Banking has already progressed far beyond the days of customers going to the physical building to check their account balances. Now, we can check on our accounts from more than one bank and our credit card bills all in a single app on our mobile devices. Financial organizations can also access data on our consumer behaviors to provide personalized services.
Open Banking policy is enabling the acceleration of financial services and enhanced user experiences. It’s also why we are seeing the emergence of many new giants in the FinTech space. Take a look at Plaid, a startup that assists customers to build APIs that can link and manage multiple accounts, provide user identity authentication, and even analyze credit scores. As of today, Plaid has a valuation of $13 billion dollars, and the company’s clients including PayPal, Coinbase, and Microsoft.
The open data trend is now blowing over from financial services into the healthcare sector, and as the industry accounts for nearly 30% of global data, we can expect a huge impact. What’s more, estimates show that healthcare will be the largest growing industry between 2018 and 2025, charging ahead of both finance and manufacturing.
Open Banking policy will be the base of this growth in FinTech, and similar legislation for open data healthcare will drive the growth of that industry. In 2016, the US government passed the 21st Century Cures Act, a new raft of legislation that is going into effect this year. One key item of the legislation is the allowing of 3rd party companies to collect critical healthcare data via APIs. Medical information that would have previously stayed in the hands of hospitals can now be accessed from outside, thereby realizing its usability and giving patients ownership of their own data. I’m quite sure that once the benefits of this landmark legislation become manifest, countries across the world will follow the US.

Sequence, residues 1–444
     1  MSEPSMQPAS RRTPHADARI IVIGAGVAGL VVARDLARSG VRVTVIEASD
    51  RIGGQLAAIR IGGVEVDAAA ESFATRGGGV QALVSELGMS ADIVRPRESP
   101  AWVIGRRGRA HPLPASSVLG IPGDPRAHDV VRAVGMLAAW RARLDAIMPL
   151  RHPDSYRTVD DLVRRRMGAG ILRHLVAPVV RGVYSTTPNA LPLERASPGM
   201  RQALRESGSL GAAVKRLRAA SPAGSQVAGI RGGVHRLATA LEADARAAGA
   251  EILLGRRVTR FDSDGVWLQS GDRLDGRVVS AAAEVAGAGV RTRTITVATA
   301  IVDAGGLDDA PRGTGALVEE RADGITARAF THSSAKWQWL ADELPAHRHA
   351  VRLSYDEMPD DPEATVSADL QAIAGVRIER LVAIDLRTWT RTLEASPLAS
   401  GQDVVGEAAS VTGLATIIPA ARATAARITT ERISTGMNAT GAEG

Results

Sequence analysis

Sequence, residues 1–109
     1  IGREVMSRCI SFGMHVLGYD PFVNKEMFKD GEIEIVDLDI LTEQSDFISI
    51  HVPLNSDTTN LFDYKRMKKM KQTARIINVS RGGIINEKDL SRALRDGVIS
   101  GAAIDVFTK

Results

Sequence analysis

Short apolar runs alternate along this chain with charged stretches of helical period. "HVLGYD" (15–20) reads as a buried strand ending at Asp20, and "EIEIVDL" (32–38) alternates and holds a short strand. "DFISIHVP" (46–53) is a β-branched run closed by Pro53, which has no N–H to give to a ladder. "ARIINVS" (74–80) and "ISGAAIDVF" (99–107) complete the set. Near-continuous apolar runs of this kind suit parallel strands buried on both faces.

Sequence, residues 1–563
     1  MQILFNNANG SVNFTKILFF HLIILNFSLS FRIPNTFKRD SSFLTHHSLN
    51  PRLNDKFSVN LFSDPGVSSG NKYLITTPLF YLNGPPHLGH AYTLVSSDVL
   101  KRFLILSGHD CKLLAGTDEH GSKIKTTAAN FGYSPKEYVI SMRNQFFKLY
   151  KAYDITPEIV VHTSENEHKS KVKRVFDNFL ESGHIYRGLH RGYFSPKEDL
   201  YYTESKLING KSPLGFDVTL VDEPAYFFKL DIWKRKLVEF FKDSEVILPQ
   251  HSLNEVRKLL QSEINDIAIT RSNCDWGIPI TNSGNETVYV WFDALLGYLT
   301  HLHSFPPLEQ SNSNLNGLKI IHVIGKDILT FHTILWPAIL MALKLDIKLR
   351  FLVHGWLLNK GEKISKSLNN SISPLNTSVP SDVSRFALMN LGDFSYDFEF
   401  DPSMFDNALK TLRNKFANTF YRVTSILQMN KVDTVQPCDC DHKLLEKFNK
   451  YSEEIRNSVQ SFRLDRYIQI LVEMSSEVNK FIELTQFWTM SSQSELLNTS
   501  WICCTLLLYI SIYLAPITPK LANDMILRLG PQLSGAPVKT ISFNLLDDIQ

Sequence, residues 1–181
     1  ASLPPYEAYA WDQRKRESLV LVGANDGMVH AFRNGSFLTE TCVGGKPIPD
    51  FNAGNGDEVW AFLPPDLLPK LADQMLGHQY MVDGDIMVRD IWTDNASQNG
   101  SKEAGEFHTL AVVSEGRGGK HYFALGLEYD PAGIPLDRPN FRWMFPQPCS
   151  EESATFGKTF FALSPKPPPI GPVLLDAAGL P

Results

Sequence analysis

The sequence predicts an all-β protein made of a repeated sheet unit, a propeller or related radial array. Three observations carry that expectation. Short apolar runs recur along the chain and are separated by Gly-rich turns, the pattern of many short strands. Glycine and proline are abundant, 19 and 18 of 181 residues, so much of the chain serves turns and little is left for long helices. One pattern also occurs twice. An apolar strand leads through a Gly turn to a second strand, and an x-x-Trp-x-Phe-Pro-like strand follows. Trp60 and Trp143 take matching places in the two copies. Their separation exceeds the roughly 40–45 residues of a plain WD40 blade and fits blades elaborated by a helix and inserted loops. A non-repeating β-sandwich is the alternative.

As healthcare evolves from basic medical data analysis to services such as cross-platform APIs and wearables integrated with software to collect physiological data, it’s creating huge opportunities. Some good examples of startups making headway in this space are Cherubic portfolio companies ScienceIO and Health2Sync.
ScienceIO has developed an AI platform that transforms unstructured medical documents into contextualized information for research and analysis. The company has already analyzed over twenty million records and generated up to two billion data labels. Meanwhile, Health2Sync is a digital care tool that records data such as blood sugar, blood pressure, body weight, and daily activities to monitor the status of patients with chronic diseases.
While open data healthcare will transform traditional, fragmented medical services, there are still many challenges for startups in this space to overcome. The barrier to entry in the healthcare industry has always been very high due to factors such as government regulations and a complex stakeholder ecosystem that includes hospitals, clinics, insurance companies, patients, pharmaceutical companies, and medical device makers. There are also the complexities of health coverage in different counties to navigate.
However, it’s clear that the healthcare industry has come to an inflection point. Besides new legislation, the pandemic has greatly accelerated government and public acceptance of telemedicine, digital therapy, and remote health monitoring. As evidence of this change, venture capital investment in healthcare technologies in 2021 hit an unprecedented peak of $57 billion. I, for one, look forward to the day when I can not only check my account balance but receive personalized doctor recommendations based on my open medical data.